There have been disturbing accusations heralded against the more radical Islamic factions in Gaza, including against Hamas itself. El Shafie, from One Free World International, who fled from Egypt to Israel after converting to Christianity, has claimed that Hamas had exhumed Christian graves in Gaza and then burnt the bodies.

The aftershock of these brutal attacks has reverberated into the everyday lives of Christians. Recently there have been reports that two Christians, Ramez Al-Amash and Hiba Abu Dawoud, were forced to convert to Islam, despite the Quran asserting that there ‘should be no compulsion in religion’.

Across the divide of Israel, in the Fatah governed West Bank, intimidation also continues. In 2002, Palestinian gunmen attacked the Church of Nativity in Bethlehem, but in 2011, violent clashes between different Christian groups in the Church of Nativity caused days of riots over the Christmas period. The culpability of intimidation does not just lie in the hands of radical Islamic factions, especially in the West Bank.

In December 2012, coinciding with the Israeli government’s Operation Pillar of Defence in Gaza, Jewish settlers in the West Bank bombarded Christian churches and homes with intimidating graffiti and there have been reports of Molotov cocktails being used against the Christian population.

The recently re-named ‘State of Palestine’ is yet to become a fully-fledged member of the United Nations so international laws, which could take them to the International Criminal Court, do not apply.

Israel has signed and ratified the International Covenant on Civil and Political Rights (ICCPR) and, therefore, has a duty to protect religious minorities inside Israel. This includes the ‘C’ zones within the West Bank, which the Oslo Accords assigned to Israel, and the ‘B’ zones, which has joint ownership between Israel and the Palestinian Authority.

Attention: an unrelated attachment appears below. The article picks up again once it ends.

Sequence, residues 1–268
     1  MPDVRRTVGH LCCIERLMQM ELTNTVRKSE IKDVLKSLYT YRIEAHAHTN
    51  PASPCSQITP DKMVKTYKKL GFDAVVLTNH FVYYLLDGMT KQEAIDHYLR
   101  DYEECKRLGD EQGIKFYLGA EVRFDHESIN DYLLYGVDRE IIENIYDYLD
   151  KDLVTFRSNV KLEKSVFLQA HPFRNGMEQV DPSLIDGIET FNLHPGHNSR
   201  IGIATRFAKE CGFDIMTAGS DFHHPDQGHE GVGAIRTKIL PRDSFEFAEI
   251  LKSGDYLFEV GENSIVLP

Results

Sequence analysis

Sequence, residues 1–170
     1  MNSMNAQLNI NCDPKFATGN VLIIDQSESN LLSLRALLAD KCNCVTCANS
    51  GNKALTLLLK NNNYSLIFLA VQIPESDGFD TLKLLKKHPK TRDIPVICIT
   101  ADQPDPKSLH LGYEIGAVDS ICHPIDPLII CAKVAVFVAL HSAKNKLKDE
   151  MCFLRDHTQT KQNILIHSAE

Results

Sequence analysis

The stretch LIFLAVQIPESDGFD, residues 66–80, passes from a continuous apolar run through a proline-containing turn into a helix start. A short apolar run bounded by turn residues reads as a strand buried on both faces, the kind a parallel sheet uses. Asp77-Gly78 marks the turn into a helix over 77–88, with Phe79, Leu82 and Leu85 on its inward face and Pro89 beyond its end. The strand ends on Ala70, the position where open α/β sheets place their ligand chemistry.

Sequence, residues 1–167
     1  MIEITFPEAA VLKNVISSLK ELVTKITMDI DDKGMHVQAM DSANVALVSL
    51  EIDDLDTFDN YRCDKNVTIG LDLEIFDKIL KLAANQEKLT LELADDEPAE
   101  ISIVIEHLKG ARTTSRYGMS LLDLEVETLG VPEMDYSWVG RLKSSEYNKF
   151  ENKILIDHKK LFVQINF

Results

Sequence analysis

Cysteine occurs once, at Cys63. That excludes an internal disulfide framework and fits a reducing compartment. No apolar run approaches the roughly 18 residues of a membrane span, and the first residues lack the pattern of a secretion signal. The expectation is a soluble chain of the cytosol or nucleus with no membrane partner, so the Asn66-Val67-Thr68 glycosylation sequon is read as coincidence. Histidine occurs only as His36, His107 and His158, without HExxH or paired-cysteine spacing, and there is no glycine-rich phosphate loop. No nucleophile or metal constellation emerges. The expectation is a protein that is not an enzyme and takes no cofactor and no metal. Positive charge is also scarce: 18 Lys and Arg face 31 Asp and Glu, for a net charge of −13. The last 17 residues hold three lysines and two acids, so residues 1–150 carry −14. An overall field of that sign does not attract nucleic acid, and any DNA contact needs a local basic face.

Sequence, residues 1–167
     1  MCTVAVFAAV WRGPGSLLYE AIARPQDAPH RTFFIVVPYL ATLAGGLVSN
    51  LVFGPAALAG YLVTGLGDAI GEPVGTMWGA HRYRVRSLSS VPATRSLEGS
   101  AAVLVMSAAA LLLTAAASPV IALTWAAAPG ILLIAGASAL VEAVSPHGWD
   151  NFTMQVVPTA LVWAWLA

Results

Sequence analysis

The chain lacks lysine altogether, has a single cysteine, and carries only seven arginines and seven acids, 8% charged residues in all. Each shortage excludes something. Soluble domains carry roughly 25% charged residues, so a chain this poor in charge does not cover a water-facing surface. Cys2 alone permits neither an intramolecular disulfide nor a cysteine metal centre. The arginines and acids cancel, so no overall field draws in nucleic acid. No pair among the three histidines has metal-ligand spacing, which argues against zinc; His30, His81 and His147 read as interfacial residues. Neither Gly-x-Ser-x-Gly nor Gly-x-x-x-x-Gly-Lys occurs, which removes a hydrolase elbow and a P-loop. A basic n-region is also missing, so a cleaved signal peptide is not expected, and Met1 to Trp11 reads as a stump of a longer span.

The ICCPR states that religion should not be a ground for discrimination and that everyone has freedom of religion, to adopt a religion of their choosing, and to manifest their religion as long as it does not infringe on the rights of others. The fact that there have been allegations against Hamas of forced conversions means that Hamas, as a potential partner in any fully-fledged Palestinian state, would have breached human rights as recognised in international laws. Similarly, the lack of protection offered by the Israelis in their Zones in the West Bank violates the ICCPR as they protect Jewish settlers, but do not seem to offer the same protection for other religious minorities.

In order to move forward, those living in the region and those in the international community should first separate the persecution by the Palestinian Authority and Hamas, and that perpetrated by Israel. Only then can analysts, and subsequently the media, begin to unravel and address the situation so the human rights abuses can be brought to light. Additionally those involved in the conflict need to address the issue of sectarian violence and push for peace.

If, however, the discrimination faced by Palestinian Christians is not addressed, their migration will continue in the same high numbers. Experts fear the exodus will continue, and it will instead become a museum for the past Christian presence there.

Rosanna Rafel


Rosanna has just completed a Masters degree from SOAS (where her focus was on the Middle East), and is currently the Communications Assistant at the Henry Jackson Society and the Editor for Israel for the Asfar Journal. She is interested in human rights, Islamic law and foreign policy in particular with regard to the Middle East and North Korea.